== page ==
The victim of a robbery starts attending trials in New Orleans to understand the system while her burglar serves time in jail. Then he gets out.
For the mother of a serial killer, a chance to connect with victims on live TV offers a shot at redemption.
Forget anxiety, overcaution, or just plain unhappiness. The real problem with parenting is philosophy.
When the media talks about social media, it’s always about young, white Americans. We spoke to a wider sample—including a sex worker, a pastor’s wife, a rapper—to see why people do what they do online.
Not everyone who breaks your heart is a monster. And not everyone who wounds you deserves to be wounded in return.
Forty years after Jaws, why the very first blockbuster should be considered art—and how it helped one man to survive.
Migraines, 3D magic, and an unlikely correspondence from one “incredibly stereoscopic person” to another.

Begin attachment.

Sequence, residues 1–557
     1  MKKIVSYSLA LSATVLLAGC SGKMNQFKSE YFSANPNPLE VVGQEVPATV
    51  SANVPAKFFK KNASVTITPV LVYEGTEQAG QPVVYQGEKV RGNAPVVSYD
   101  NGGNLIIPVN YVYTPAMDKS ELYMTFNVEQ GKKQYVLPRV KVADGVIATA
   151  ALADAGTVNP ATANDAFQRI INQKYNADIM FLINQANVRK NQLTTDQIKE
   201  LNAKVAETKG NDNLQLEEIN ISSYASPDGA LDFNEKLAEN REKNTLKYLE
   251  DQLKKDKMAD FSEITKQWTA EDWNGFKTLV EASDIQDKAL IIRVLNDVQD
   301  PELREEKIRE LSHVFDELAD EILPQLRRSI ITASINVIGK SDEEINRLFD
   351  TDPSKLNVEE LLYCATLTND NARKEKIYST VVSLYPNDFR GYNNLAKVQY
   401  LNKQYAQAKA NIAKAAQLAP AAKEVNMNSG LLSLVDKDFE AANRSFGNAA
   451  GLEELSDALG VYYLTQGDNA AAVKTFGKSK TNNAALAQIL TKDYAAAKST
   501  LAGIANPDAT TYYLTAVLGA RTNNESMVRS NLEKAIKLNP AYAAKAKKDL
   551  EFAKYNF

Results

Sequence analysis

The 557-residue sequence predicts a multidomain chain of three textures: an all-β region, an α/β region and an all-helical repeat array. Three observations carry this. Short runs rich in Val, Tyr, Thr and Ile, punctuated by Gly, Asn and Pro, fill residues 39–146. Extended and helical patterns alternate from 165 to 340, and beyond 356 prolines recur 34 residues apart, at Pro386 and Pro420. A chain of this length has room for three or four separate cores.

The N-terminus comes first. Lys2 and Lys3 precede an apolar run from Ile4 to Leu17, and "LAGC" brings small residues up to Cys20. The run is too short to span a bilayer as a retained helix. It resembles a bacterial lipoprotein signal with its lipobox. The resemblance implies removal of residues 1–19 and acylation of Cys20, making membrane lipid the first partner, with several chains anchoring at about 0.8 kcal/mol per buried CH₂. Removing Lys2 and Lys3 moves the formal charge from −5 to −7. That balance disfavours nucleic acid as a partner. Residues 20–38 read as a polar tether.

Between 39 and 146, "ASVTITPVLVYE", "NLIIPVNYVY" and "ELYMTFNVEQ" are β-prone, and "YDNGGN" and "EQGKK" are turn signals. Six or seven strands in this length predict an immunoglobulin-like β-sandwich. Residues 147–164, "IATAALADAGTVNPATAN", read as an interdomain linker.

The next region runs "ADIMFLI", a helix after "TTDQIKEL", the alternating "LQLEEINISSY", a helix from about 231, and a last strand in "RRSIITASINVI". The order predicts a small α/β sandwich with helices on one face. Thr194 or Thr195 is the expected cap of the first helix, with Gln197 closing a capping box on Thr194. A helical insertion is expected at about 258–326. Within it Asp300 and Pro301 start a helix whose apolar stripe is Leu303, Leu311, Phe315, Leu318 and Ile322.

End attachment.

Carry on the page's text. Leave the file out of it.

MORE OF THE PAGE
How to give away a house in Flint, Michigan, home not only to a water scandal but record violence.
America is a proud nation of immigrants—try telling that to everyone on the other side of the door. Life as a white-collar undocumented immigrant in New York.
The American West is a myth. One Wyoming gunmaker looks anywhere else—abroad, in the past, in himself—for new wilderness.
Clemency is supposed to be a “fail-safe” in our judicial system. Thanks to a handful of powerful, well-paid political appointees, that notion is proving lethally incorrect.
For the next week, we’re highlighting some of our favorite works from 2015. In “Symbolism for Beginners,” wild horses lead to psychological and legal warfare.